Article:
Taking the Next (Academic) Step
Bauer Finance Doctoral Student Published in Top Finance Journal, Accepts Assistant Professor Position
Published on May 5, 2021
Department of Finance Doctoral Student Mohammad Ghaderi (left) with Cullen Distinguished Chair and Dean Paul A. Pavlou (right) at the 2020 Bauer Doctoral Poster Awards.
A May 2021 graduate of the Department of Finance doctoral program at C. T. Bauer College of Business has published a research paper in one of the top three journals in the field and accepted a position as Assistant Professor of Finance at the highly regarded University of Kansas.
Mohammad Ghaderi explained the genesis of the research, “Learning, Slowly Unfolding Disasters, and Asset Prices,” forthcoming in the Journal of Financial Economics.
“One main question in finance is why stocks earn higher returns compared to government bonds. If someone invests their savings in a broad index of the U.S. stock market, after a relatively long period, it almost surely outperforms investing in government bonds. Why don’t people invest more in stocks, increase their price, and lower their expected returns as a result? This is more puzzling because if we look at the last 70 years of data, households’ consumption does not seem to be subject to a lot of unexpected shocks. Instead, it has smoothly increased over time,” said Ghaderi, whose co-authors are Mete Kilic of the University of Southern California and Sang Byung Seo of the University of Wisconsin-Madison (he formerly was Assistant Professor of Finance at Bauer).
While a “rare disaster,” model typically was used to explain the anomaly, Ghaderi and co-authors have proposed a new financial model that generates slowly unfolding disasters, not only in the macroeconomy, but also in financial markets.
In the new model, which earlier was presented at the Macro-Finance Society Workshop, American Finance Association and elsewhere, investors cannot exactly distinguish whether the economy is experiencing a mild/temporary downturn or is on the verge of a severe/prolonged disaster. Due to imperfect information, disaster periods are not fully identified by investors.
“The ‘rare disaster’ mechanism assumes a small probability of a massive one-shot decline in aggregate consumption to address these questions,” Ghaderi said. “But since these disastrous economic events are very rare — the last time they happened was during the Great Depression — we do not find them in our recent experience of the U.S. data. There are problems with this explanation. One is that it is not realistic to assume such large declines in household consumption happening instantaneously. Another is that it is not consistent with what we see in the options market.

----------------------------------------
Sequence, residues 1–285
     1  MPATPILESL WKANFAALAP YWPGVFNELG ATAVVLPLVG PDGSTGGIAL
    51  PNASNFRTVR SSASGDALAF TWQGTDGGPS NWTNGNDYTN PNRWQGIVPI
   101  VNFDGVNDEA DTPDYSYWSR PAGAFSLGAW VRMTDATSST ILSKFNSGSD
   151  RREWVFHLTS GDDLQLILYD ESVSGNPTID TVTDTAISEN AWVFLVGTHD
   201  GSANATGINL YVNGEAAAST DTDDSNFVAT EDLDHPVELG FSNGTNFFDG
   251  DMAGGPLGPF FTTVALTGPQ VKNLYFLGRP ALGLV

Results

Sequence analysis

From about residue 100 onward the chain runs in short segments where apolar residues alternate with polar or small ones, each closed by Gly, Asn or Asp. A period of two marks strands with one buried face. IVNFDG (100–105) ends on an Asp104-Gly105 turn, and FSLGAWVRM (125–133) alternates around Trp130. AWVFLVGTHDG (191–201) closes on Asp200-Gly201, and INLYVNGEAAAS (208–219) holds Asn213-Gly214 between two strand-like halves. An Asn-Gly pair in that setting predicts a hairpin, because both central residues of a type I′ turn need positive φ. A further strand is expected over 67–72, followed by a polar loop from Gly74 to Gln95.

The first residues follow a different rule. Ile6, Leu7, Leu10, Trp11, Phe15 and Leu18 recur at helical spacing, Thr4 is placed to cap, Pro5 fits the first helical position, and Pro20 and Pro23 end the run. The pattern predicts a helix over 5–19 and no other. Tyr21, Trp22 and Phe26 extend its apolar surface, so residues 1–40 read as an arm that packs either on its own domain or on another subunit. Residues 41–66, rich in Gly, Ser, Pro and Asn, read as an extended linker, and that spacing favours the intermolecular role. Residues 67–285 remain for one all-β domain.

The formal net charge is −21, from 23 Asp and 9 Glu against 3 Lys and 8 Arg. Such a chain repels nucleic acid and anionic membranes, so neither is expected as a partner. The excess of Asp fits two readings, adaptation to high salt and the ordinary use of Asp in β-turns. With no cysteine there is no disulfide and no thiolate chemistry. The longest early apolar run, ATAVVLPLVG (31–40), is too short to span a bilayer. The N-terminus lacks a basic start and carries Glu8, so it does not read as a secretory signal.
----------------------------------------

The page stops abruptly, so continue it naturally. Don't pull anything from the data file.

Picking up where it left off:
“The point that we make in our paper is that the way these disasters happen is very important to explain different aspects of the asset returns data. In our paper, disasters are not happening instantaneously. Instead, they gradually unfold in the economy and financial markets,” he said. “This idea makes everything more realistic and explains the data better. But what is it that makes disasters unfold slowly? We propose that investors’ incomplete information or uncertainty about the future path of the economy, could justify the existence of these slowly unfolding disasters.”
“Many investors last year around February and March were worried that the outbreak of the COVID would result in another Great Depression in the economy (a drop of more than 10% in household consumption, long-lasting unemployment, etc.) Because of government policy and the development of a vaccine, what actually happened for the next 12 months was not as bad economically. However, investors did not know this. We think that this uncertainty about the future path of the economy and investor’s gradual learning about it (when do economic disasters happen, how much they last, or how deep the recession would go) is what can explain the patterns in the data. For example, we might see huge swings in the stock market as investors’ beliefs about the severity of the crisis evolve.”
Ghaderi said the research topics of Bauer College Finance professors looked interesting to him when he was considering what doctoral program to attend. His wife started a program in Economics at Rice University at approximately the same time. Ghaderi’s dissertation co-chairs were Bauer Finance Professor Kris Jacobs and former Bauer Assistant Professor Sang Seo. His research has a primary focus on empirical asset pricing, macro-finance, and financial econometrics. Another research paper was recently awarded the Eastern Finance Association Best Doctoral Paper Award in Investments, and Ghaderi was the winner of the Best Poster in the 2020 Bauer Doctoral Poster Session.
He received an MBA with a major in financial management in 2015 from the Graduate School of Management and Economics, Sharif University of Technology, Iran. He also holds a B.S. in Electrical Engineering from Sharif University of Technology and worked in the banking industry in Iran.